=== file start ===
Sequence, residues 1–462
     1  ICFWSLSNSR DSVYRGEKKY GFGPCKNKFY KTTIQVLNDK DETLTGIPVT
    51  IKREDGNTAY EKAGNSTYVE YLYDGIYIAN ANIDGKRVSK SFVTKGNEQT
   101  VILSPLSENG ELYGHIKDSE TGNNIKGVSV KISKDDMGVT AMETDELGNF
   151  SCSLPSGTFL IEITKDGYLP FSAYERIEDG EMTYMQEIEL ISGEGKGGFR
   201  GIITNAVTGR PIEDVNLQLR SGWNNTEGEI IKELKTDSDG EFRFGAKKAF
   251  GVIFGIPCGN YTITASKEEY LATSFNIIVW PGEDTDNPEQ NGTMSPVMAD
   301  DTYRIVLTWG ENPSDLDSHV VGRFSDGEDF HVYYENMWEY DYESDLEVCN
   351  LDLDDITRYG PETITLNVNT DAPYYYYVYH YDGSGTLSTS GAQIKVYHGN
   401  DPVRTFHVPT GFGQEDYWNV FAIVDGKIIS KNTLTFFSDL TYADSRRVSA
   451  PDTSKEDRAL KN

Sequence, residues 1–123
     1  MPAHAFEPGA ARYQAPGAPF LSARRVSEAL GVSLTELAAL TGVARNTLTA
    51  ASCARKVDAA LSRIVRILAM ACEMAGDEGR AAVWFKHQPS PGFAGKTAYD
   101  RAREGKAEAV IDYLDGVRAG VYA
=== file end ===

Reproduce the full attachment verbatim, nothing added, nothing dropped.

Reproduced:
Sequence, residues 1–462
     1  ICFWSLSNSR DSVYRGEKKY GFGPCKNKFY KTTIQVLNDK DETLTGIPVT
    51  IKREDGNTAY EKAGNSTYVE YLYDGIYIAN ANIDGKRVSK SFVTKGNEQT
   101  VILSPLSENG ELYGHIKDSE TGNNIKGVSV KISKDDMGVT AMETDELGNF
   151  SCSLPSGTFL IEITKDGYLP FSAYERIEDG EMTYMQEIEL ISGEGKGGFR
   201  GIITNAVTGR PIEDVNLQLR SGWNNTEGEI IKELKTDSDG EFRFGAKKAF
   251  GVIFGIPCGN YTITASKEEY LATSFNIIVW PGEDTDNPEQ NGTMSPVMAD
   301  DTYRIVLTWG ENPSDLDSHV VGRFSDGEDF HVYYENMWEY DYESDLEVCN
   351  LDLDDITRYG PETITLNVNT DAPYYYYVYH YDGSGTLSTS GAQIKVYHGN
   401  DPVRTFHVPT GFGQEDYWNV FAIVDGKIIS KNTLTFFSDL TYADSRRVSA
   451  PDTSKEDRAL KN

Sequence, residues 1–123
     1  MPAHAFEPGA ARYQAPGAPF LSARRVSEAL GVSLTELAAL TGVARNTLTA
    51  ASCARKVDAA LSRIVRILAM ACEMAGDEGR AAVWFKHQPS PGFAGKTAYD
   101  RAREGKAEAV IDYLDGVRAG VYA